In short: Nuclear weapons have been the United States’ third-highest national priority since World War II, in terms of dollars, and we spend a fortune every year to manage and secure them. Yet a crucial facility in this nuclear enterprise “wasn’t even nun-proofed, much less terrorist-proofed,” as a Tennessee congressman would put it in a February hearing on the break-in, which shut down Y-12 site operations for two weeks.
Marc Andreessen on why VCs exist.
A big part of why venture capital actually is important and enduring is because the public market is flighty and late-stage investors are flighty, and customers for that matter are flighty, and so you can’t — if you are running one of these companies you can’t — you just can’t rely on people being balanced. They are just not going to be.
And so you have to have a level of determination to just stick through the good times and the bad times. And you need to have investors at the core of your company who are going to support you through that.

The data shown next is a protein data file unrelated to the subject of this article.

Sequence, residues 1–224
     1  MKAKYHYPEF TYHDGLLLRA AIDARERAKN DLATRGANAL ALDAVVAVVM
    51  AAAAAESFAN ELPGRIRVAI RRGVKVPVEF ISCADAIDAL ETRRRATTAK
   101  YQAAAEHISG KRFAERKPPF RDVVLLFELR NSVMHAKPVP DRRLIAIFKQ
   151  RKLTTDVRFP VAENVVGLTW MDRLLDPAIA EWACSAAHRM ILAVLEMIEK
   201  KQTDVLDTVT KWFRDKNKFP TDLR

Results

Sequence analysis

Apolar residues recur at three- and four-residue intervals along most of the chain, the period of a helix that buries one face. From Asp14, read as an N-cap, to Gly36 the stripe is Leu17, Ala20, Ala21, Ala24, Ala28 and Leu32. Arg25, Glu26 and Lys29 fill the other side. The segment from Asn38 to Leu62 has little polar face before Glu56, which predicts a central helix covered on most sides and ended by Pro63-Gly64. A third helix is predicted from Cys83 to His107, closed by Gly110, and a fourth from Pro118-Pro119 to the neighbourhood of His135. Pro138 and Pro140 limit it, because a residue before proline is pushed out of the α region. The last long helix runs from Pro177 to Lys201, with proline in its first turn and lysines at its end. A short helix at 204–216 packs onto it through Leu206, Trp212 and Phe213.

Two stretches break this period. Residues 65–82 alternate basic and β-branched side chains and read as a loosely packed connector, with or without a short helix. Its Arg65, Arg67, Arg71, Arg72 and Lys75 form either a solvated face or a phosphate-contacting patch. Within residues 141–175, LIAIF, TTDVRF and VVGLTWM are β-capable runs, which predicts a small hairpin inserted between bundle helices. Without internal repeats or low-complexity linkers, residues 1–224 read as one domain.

The big advantage that we have as a venture capital firm over a hedge fund or a mutual fund is we have a 13-year lockup on our money. And so enterprise can go in and out of fashion four different times, and we can go and invest in one of these companies, and it’s okay, because we can stay the course. And then what happens is everything tends to get better, all the products tend to get better, all the companies tend to get better over time if they are working hard at it. So we are fine.
Like if everything we are investing in goes out of fashion, we are not going to change anything we do, because we can’t change anything. We are already invested in these companies; we can’t sell our stock. We don’t have to sell our stock. So we just say, we will go back to work. And then at some point it really gets exciting again.
I could probably give you a list of 10 major things that are wrong with email. I try to maintain lists like that in my head.